Stay tuned (patiently) as we occasionally throw updates on here about what steps we're taking to get to our end goals, DIY tricks and life-hacks, child-rearing tactics (strategery), etc.

Tuesday, October 14, 2008

REPLAY: Peace through hardship...

I wrote this on July 1st on the heels of a weird dream.

How does one truly know peace? What is peace? Is peace absolute or relative?

Before I think about addressing these questions, let me relate a dream I had last night. I dreamed it was winter. The days were short, and it was dark early. I was in Salida, visiting my parents at their house, and it was snowy outside. Growing up in that house, I expected it to be comfortable, cozy, and inviting, and instead I found it to be nearly vacant, save a few old chairs and some candles. I saw my Mom wrapped in a blanket. It was cold inside. "What happened to the furniture?" I asked? She looked sad and told me Dad had let people come and take it.

I woke up groggy, and it was hard for me to face the day. I suppose there are a couple of ways I could go with this, different lessons to learn from this dream. I guess one could be to vow not to let that happen to my family, to work hard, hard enough to do my best to ensure that, no matter how bad things get economically, politically, environmentally, that my parents will not be stuck in a cold and empty house. But I choose to learn a different lesson.

I feel that the only choice that will ensure happiness in this instance is to know that, no matter what, I will love my family, and that love, despite the hardships, the cold, the grief and sorrow... that being at peace with the difficulties that lie beyond our realm of control, that this is what will ultimately save us.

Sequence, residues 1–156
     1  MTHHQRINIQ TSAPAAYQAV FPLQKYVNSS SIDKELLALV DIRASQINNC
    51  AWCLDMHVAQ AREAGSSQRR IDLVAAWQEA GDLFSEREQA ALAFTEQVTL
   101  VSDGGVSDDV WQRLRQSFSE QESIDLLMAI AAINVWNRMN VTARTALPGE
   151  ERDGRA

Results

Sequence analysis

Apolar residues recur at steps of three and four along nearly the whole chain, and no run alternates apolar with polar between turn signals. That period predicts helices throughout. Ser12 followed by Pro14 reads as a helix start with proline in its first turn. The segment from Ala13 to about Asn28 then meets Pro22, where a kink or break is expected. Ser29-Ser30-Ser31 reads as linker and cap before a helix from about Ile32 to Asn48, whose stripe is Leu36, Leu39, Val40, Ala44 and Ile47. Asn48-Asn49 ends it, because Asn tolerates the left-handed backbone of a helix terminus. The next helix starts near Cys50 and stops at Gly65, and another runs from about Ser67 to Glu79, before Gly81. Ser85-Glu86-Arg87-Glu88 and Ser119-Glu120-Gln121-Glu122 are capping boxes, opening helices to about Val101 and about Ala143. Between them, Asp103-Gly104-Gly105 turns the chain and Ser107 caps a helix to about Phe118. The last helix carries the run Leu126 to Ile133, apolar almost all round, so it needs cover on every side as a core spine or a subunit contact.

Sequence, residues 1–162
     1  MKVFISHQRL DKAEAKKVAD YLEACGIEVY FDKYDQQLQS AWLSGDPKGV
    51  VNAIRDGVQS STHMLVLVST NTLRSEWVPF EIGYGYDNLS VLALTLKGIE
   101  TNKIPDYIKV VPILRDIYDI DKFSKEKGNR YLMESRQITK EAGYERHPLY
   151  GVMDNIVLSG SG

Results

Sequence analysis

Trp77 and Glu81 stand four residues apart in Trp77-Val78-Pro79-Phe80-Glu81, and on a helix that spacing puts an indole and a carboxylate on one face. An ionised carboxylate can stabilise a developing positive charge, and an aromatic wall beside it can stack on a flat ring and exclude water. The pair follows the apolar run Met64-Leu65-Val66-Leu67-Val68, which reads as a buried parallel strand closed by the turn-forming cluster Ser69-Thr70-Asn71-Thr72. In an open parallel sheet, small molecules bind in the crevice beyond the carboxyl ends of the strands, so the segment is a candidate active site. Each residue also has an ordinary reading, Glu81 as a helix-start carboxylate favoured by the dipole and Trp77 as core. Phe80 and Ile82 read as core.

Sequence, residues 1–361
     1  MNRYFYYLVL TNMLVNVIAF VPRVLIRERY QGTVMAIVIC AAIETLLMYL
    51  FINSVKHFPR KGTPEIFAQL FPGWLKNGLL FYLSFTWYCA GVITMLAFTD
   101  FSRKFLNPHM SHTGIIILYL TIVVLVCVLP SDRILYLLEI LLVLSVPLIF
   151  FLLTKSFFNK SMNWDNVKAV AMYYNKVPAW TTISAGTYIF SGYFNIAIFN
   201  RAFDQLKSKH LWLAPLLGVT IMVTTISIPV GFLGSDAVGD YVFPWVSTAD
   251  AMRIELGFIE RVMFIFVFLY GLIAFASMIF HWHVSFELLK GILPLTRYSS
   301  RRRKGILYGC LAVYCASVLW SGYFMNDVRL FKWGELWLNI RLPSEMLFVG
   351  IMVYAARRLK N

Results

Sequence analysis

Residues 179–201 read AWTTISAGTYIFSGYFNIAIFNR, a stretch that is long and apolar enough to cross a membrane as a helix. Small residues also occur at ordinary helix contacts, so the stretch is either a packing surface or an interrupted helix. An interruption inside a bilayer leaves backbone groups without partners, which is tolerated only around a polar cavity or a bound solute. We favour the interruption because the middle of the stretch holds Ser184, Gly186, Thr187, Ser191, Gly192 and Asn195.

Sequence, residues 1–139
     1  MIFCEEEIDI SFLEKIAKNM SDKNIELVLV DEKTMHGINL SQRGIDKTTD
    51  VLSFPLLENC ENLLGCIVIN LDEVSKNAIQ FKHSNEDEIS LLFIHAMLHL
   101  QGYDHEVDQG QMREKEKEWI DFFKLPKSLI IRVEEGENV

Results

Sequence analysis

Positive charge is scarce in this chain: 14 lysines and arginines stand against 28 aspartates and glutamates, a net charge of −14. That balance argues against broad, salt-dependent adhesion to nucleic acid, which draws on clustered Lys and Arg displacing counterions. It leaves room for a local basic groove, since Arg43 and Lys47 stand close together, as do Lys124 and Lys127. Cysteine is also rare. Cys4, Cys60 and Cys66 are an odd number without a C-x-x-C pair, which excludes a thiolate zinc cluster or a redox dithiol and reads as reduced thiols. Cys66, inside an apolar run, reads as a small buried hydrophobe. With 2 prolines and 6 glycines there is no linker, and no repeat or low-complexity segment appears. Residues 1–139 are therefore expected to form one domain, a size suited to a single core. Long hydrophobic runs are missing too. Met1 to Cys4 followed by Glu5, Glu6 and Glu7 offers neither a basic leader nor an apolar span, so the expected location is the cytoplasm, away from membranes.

What a terribly wondrous lesson to learn. What a big and hard thing to even begin to understand. Throughout histories (both mythical and factual, and the fuzzy lines in between), we see figures and stories involving characters who learned this lesson, or at least began to at the end of their lives.

My question and challenge in this brief blog is to ask, then, why it is so hard for us, the majority of us, to accept our own fates, to be content with the things we have, and to pursue the things that will make us truly happier, in spite of money and stuff and status and popularity? You like being outside? Go outside! It's much easier than you would believe. There are many illusions that both we and the rest of the world create as roadblocks to keep us from achieving our goals, but it's really a matter of how badly you believe in your own happiness.

I don't know where this all came from, but I thought I would throw it out here before I forgot.

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